Nevada Water Science Center

Evapotranspiration Studies in Nevada

Contact Information

Mike Moreo
Phone: (702) 564-4625


Mailing Address
Nevada Water Science Center
160 N. Stephanie St.
Henderson, NV 89074


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Grapevine Springs

Site identification: 370106117230602

Study contact: Randy Laczniak

ET Data

Annual ET reported (in inches): 29.0

Study period: 12/29/00 - 10/30/02

Days recorded: 768 from 9/28/00 to 11/04/02


Measurement method: Bowen ratio

Data: Download from NWISWeb

Graph of ET data

Location information

in decimal degrees
in decimal degrees
37.01825 -117.385111111 2230


Photo of ET site


Photo of ET site

ET Source Area

High-density cover of desert wild grape, mesquite, desert willow, and arrowweed


Study Information

Evapotranspiration (ET) is estimated volumetrically as the product of ET-unit (general vegetation type) acreage and a representative ET rate. ET-unit acreage is determined from high-resolution multi-spectral imagery; and a representative ET rate is computed from data collected in the Grapevine Springs area using the Bowen-ratio solution to the energy budget, or from rates given in other ET studies in the Death Valley area. The ground-water component of ET is computed by removing the local precipitation component from the ET rate.

Two different procedures, a modified soil-adjusted vegetation index using the percent reflectance of the red and near-infrared wavelengths and land-cover classification using multi-spectral imagery were used to delineate the ET units within each major spring-discharge area. On the basis of the more accurate procedure that uses the vegetation index, ET-unit acreage for the Grapevine Springs discharge area totaled about 192 acres—of which 80 acres were moderate-density vegetation and 112 acres were high-density vegetation. ET-unit acreage for two other discharge areas delineated in the Grapevine Springs area (Surprise Springs and Staininger Spring) totaled about 6 and 43 acres, respectively; and for the discharge areas delineated in the Furnace Creek area (Nevares Springs, Cow Creek–Salt Springs, Texas Spring, and Travertine Springs) totaled about 29, 13, 11, and 21 acres, respectively. In discharge areas other than Grapevine Springs, watering and spring diversions have altered the natural distribution of the vegetation.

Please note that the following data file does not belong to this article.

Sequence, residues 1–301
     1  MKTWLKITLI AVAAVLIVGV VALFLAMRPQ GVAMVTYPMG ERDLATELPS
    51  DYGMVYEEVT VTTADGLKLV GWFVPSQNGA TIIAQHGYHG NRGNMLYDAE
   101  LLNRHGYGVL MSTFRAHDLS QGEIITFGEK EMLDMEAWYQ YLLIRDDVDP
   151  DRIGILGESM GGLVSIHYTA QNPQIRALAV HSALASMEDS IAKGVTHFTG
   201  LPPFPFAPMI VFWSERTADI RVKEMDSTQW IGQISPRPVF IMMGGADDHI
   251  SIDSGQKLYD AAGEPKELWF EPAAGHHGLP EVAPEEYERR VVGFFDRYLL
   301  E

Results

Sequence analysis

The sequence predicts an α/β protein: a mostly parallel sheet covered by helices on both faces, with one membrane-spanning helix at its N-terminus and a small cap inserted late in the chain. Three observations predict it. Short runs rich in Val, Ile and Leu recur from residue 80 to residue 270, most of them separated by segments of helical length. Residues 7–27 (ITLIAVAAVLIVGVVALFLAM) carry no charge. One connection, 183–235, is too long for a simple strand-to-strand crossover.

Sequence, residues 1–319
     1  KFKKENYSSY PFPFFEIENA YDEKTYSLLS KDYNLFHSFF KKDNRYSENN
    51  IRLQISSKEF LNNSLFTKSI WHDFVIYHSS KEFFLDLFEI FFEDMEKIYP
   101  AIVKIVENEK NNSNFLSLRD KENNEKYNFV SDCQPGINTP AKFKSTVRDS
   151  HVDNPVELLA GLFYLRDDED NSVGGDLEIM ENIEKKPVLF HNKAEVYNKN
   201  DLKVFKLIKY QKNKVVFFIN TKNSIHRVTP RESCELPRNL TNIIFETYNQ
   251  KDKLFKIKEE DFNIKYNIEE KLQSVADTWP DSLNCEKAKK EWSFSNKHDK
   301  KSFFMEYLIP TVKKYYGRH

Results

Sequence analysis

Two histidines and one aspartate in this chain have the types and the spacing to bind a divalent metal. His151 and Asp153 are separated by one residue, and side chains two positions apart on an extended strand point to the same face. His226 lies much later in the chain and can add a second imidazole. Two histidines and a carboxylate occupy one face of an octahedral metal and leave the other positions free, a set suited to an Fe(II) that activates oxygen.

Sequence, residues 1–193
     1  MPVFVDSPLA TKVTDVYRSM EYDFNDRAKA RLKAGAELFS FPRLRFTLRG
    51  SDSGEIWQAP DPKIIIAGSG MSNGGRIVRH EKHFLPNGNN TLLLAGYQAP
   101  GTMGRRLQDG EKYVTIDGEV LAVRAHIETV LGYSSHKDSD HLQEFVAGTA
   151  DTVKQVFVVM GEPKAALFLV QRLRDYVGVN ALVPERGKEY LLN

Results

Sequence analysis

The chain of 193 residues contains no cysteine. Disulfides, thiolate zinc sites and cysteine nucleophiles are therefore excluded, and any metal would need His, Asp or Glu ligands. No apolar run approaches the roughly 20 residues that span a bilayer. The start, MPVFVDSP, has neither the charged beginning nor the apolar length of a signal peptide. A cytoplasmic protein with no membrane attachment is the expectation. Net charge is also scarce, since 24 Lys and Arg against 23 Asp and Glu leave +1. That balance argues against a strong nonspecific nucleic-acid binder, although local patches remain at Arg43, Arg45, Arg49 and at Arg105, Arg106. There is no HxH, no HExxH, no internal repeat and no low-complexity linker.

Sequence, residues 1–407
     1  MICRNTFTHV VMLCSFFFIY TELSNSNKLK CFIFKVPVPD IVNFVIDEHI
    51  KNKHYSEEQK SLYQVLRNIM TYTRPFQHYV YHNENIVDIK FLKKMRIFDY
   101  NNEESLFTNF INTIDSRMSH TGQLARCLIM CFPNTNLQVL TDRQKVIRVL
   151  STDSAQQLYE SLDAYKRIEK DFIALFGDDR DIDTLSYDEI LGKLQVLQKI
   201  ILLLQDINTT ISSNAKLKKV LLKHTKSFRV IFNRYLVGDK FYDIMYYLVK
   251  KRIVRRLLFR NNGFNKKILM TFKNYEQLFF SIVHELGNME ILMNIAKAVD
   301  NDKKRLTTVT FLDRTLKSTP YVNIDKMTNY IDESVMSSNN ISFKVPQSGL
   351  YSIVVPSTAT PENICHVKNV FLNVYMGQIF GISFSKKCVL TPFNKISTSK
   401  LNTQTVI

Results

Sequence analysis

The ET rate for high-density vegetation was estimated from micrometeorological data collected at a site in a dense cluster of desert wild grapes in the Grapevine Springs area. During the peak ET period (June and July), daily ET at the site ranged from about 0.18 to 0.25 inch, and monthly ET ranged from about 5.7 to 6.2 inches. ET totaled about 2.7 feet in water year 2001 (October 2000–September 2001) and totaled about 2.3 feet in water year 2002 (October 2001–September 2002). The mean annual ground water lost by local transpiration and evaporation is estimated to be 2.2 feet. Using this annual rate of 2.2 feet to represent the discharge from high-density vegetation, 2.0 feet per year to represent moderate-density vegetation, and ET-unit acreages delineated from the multi-spectral imagery, the mean annual discharge of ground water from the Grapevine Springs discharge area by ET is estimated to be 405 acre-feet. Estimates of the annual discharge of ground water by ET from all other major discharge areas ranged from about 9 acre-feet at Surprise Springs to about 61 acre-feet at Nevares Springs. To account for uncertainties in the mean annual ET rate, a reasonable range for the quantity of ground water annually discharged by riparian vegetation at Grapevine Springs is estimated to be from 400 to 550 acre-feet. Because no water is being imported into or diverted out of the Grapevine Springs area, this range also represents an estimate of the quantity of ground water discharged annually from the area’s local springs and seeps and of the ground-water requirement of the area’s riparian vegetation.


Study Publication: SIR 2006-5145




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